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Filmmaker Dennis Leroy Moore

in Charlotte, North Carolina 

@ Afro-American Cultural Center

February 15 @ 3 pm

for the Screening of As An Act of Protest

 

 

Soapbox Production presents

A John Brown X Production film

AS AN ACT OF PROTEST

written and directed by Dennis Leroy Moore

AFRO-AMERICAN CULTURAL CENTER IN CHARLOTTE

401 North Myers Street (corner of 7th and McDowell Streets)

Phone: 704-374-1565

Saturday, February 15th @ 3:00pm              

Suggested donation $2

Filmmaker Dennis Leroy Moore will be present for Questions and Answers

As An Act of Protest, a new feature-film by New York guerilla first time filmmaker and theatre director Dennis Leroy Moore. Moore, 26 years old, wrote, directed and acted in this film, which is more like a classical African-American Theatre piece rather than a conventional foray into narrative cinema. As An Act of Protest is fierce, intense, and visceral.  Set in New York City, the story focuses on Cairo Medina, a young black actor, and his “rite-of-passage-station-of-the-cross” journey to escape the psychological torture of colonization by searching for ways to counter the effects of racism and police brutality before they destroy him. Moore’s As An Act of Protest introduces a new voice to the world of underground cinema, and it is a clear line in the sand, which demands the eradication of racism, and oppression in all forms. The film sheds light on the new generation of black American artists and the repressed rage of the Black male in particular, which he is seldom free to express.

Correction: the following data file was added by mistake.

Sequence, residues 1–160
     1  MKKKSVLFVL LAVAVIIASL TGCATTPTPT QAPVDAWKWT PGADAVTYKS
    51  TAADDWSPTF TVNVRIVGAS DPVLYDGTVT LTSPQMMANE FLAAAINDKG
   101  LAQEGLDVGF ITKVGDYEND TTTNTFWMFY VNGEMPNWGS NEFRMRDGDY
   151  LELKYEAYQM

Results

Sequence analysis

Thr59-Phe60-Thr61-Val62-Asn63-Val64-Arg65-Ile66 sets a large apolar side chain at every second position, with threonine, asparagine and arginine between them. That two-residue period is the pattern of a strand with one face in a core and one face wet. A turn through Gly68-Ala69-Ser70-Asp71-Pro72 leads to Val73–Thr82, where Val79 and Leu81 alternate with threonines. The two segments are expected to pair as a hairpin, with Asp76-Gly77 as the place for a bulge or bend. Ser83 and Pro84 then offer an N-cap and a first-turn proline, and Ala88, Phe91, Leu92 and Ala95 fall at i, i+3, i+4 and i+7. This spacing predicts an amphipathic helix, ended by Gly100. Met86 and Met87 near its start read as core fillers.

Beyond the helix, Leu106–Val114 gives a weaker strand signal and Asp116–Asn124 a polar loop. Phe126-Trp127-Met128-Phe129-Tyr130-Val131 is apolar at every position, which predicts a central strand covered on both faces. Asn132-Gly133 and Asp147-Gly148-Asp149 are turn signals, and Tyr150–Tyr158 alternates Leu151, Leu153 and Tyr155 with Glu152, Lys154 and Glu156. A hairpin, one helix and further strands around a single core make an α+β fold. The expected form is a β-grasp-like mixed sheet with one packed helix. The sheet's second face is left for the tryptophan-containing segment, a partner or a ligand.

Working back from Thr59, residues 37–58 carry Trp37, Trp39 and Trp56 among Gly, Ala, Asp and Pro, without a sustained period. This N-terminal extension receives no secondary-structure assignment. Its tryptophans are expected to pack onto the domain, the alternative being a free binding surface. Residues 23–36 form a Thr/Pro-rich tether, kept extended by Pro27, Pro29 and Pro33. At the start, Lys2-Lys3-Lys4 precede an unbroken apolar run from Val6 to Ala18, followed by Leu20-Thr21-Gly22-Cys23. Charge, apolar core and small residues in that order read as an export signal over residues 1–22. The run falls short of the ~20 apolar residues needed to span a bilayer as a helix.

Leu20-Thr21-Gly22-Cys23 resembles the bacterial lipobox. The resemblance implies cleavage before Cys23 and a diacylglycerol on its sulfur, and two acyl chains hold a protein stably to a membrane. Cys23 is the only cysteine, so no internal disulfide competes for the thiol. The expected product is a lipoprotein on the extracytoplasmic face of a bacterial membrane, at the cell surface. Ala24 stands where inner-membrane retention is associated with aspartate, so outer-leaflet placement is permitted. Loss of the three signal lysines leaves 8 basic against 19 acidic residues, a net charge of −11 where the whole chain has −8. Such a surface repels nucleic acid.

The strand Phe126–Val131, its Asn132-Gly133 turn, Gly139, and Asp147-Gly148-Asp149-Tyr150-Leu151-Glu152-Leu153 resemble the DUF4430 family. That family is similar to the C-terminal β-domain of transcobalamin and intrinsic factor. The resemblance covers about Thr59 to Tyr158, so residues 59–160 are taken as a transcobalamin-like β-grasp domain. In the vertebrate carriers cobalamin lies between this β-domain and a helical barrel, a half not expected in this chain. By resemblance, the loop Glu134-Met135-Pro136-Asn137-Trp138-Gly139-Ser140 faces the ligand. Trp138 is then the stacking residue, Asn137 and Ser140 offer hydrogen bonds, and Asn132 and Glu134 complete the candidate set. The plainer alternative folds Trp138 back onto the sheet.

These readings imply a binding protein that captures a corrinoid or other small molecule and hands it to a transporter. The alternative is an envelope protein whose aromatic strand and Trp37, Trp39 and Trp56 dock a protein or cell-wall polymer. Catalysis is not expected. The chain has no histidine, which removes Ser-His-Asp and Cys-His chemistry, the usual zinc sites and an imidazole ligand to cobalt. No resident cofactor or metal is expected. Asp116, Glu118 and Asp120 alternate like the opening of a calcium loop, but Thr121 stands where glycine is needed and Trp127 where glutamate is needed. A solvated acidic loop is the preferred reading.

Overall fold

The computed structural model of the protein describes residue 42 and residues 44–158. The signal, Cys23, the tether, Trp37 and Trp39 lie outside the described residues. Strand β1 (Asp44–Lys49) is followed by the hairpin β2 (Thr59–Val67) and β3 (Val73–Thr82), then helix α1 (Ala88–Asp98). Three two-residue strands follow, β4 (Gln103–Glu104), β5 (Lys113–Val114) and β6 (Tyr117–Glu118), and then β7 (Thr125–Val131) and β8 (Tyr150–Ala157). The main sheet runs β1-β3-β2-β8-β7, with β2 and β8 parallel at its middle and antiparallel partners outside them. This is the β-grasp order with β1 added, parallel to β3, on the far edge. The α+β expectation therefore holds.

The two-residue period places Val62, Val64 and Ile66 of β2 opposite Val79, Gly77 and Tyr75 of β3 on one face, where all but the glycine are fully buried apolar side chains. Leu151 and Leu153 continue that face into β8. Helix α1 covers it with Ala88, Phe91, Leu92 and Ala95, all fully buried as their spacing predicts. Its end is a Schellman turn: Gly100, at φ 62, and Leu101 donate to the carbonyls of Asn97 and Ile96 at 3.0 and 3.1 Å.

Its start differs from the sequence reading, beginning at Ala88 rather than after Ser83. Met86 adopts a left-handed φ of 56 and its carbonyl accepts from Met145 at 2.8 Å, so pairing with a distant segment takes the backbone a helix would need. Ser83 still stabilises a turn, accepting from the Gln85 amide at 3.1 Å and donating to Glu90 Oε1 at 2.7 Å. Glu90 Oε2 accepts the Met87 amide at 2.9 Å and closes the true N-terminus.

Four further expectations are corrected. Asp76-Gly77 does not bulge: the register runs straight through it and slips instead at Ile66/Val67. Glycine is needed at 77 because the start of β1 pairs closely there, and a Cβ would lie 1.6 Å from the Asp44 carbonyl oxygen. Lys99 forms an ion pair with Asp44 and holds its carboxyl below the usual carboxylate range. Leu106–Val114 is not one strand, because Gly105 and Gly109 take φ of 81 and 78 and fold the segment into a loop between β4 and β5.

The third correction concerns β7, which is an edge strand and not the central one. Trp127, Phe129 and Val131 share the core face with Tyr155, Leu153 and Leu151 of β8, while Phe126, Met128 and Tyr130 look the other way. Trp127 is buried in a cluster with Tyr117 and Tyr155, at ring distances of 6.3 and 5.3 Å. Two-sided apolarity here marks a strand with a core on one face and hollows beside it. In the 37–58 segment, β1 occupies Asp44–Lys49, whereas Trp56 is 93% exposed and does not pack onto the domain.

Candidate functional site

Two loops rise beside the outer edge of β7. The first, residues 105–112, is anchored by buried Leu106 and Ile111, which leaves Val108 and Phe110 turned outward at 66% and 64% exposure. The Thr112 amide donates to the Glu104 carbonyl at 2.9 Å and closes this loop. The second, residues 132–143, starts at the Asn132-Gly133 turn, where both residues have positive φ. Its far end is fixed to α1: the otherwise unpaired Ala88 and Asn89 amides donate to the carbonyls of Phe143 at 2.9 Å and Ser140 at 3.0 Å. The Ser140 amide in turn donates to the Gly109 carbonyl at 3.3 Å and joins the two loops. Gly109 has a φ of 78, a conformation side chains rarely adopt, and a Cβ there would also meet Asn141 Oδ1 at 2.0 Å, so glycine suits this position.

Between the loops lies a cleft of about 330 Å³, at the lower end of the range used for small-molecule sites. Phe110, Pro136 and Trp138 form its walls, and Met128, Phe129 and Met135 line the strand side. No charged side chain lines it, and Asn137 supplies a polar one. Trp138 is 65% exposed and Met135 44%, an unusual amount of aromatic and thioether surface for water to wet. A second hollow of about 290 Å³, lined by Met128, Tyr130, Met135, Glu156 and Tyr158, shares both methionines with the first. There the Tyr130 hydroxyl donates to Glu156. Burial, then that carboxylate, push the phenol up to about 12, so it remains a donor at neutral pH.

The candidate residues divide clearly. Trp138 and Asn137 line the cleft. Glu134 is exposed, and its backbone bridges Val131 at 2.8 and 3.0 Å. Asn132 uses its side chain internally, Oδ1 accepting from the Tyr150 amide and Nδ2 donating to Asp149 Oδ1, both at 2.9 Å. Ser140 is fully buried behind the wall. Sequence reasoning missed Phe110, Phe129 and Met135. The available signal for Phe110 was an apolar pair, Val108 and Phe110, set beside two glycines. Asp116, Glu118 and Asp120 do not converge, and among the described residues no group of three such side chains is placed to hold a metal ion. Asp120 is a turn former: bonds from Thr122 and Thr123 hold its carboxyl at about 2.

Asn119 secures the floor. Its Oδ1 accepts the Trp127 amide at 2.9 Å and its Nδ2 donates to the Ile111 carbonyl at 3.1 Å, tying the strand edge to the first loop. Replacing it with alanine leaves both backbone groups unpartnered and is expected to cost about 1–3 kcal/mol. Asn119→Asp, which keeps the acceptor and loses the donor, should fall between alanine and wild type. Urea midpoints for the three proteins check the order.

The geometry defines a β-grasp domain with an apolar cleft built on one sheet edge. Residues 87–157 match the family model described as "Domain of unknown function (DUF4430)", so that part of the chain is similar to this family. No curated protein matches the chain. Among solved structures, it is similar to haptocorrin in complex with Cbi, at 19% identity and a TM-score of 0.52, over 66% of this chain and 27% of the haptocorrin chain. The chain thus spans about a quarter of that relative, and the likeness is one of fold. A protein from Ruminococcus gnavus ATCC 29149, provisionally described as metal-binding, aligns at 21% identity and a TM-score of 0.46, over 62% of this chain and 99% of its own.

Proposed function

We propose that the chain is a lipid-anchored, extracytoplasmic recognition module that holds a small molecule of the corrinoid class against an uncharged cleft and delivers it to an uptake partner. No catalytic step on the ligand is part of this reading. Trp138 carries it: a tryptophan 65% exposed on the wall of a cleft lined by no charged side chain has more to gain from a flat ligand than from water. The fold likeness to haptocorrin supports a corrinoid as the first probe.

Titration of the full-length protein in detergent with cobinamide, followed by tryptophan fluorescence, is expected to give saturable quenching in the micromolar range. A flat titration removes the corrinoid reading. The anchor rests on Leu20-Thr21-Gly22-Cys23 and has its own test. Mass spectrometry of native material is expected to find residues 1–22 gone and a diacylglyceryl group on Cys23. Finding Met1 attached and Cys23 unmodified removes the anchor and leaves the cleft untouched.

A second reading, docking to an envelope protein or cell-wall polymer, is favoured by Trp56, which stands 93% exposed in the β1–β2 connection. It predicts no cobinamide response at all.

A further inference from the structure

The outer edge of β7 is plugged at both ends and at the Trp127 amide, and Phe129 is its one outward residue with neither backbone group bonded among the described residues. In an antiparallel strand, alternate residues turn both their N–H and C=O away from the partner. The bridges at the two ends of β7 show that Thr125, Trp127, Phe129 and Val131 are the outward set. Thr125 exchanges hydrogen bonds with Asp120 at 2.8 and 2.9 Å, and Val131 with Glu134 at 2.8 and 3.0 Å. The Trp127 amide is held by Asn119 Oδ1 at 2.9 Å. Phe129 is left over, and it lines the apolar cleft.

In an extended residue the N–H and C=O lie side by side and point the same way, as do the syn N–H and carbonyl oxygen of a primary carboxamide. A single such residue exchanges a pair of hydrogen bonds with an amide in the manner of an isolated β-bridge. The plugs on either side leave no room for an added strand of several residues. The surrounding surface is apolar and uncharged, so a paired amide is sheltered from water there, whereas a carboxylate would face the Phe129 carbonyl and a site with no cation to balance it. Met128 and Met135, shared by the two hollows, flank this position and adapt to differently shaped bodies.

As An Act of ProtestBest Black Movie Nobody Will See This Year”Kam Williams, The Black World Today, November 27, 2002 http://www.tbwt.com/blackworldradio/reviews/review.asp?reviewid=211